TAMPA — Mayor Jane Castor's pledge to equip Tampa Police officers with body cameras has become one of her first campaign promises to move forward.
Castor recently signed off on a federal grant application to help equip up to 600 more officers with body cameras. Currently, only 60 of the department's 974 sworn officers use cameras.
"That's happening," Castor said last week when asked about the status of the body cameras. In addition to the $300,000 grant officials are counting on, Castor said she plans to add another $300,000 in city money to the upcoming budget, which will be approved in September.
The cameras will cost $965 each and will require three new civilian hires to administer the program. Police estimate it will cost $1.9 million over the next three years to store the footage, said Tampa Police Department spokesman Steve Hegarty.
Assistant Chief Elias Vazquez told Tampa's Citizen Review Board about the plan last week, saying he though the department "had a good shot' at winning the grant. Tampa is one of eight cities competing for the Department of Justice award, he told the advisory board, which reviews police activities and supports body cameras.
The grant winner likely will be announced in September and the department will begin implementing the program as early as October, Hegarty said.
Vazquez said the recent firing of three officers was a timely example of why the cameras are needed. After a seven-month investigation, the officers were fired for what Police Chief Brian Dugan described as a pattern of bad behavior that included failures to document detentions and searches and to properly dispose of seized drugs.
One of the officers was found to have switched off his body camera during an encounter in which a man said he had been threatened by two officers who were investigating a stolen vehicle.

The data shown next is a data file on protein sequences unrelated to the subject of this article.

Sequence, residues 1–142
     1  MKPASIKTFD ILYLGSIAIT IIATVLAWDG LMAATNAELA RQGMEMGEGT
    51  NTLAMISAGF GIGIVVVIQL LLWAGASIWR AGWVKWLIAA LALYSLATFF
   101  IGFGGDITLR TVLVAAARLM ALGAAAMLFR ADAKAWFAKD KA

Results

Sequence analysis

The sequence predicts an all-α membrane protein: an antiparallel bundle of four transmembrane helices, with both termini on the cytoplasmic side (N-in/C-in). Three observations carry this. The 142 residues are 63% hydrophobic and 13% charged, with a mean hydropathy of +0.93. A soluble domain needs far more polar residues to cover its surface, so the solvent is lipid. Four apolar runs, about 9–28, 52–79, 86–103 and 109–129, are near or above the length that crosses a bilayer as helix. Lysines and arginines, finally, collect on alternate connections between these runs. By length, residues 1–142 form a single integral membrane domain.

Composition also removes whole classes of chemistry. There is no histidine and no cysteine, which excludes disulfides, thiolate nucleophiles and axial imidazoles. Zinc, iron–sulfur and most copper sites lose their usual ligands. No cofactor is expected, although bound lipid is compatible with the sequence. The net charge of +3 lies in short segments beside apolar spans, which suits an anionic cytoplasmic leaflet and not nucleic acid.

READ MORE: Tampa police officers fired
The goal is to eventually have all sworn officers wear body cameras, Vazquez told the board, but the first step will be to distribute them to patrol officers and specialty units like street tactical teams and bike patrols.
Castor, who served as police chief between 2009 and 2015, said she hoped the bulk of the cameras would be deployed by the end of the year.
The local chapters of the NAACP and American Civil Liberties Union have submitted letters of support, and the Citizen Review Board has voted to do the same.
Body cameras have received plenty of attention around the country in recent years as highly scrutinized and widely publicized police shootings have prompted demonstrations, sit-ins and disturbances. In Tampa Bay, the debate has been less intense than in some other large metro areas, but calls for local law enforcement agencies have surfaced periodically on both sides of the bay.
Pasco County Sheriff's deputies wear them. But Hillsborough and Pinellas deputies don't. Neither do officers at the St. Petersburg Police Department, which has been discussing, researching and testing various types of cameras for nearly five years now.
After retiring as Tampa police chief, Castor launched a consulting practice. One of her clients was the city of Miami, which incurred serious headaches trying to implement cameras, she said.
Miami had far more public records requests than anticipated, which increased costs. So did running fiber optic cables and upgrading electricity at station houses to accommodate the cameras.
"It was just one thing after another. It was a nightmare," she said.
Those lessons should help Tampa get its program into place more smoothly, but there are bound to be bumps, she said. Just getting officers used to turning on the cameras can be tricky.
Younger officers tend to master the rules and procedures quickly, she said.
But long-time veterans?
"It's just difficult to train an old dog to do new tricks," she said.
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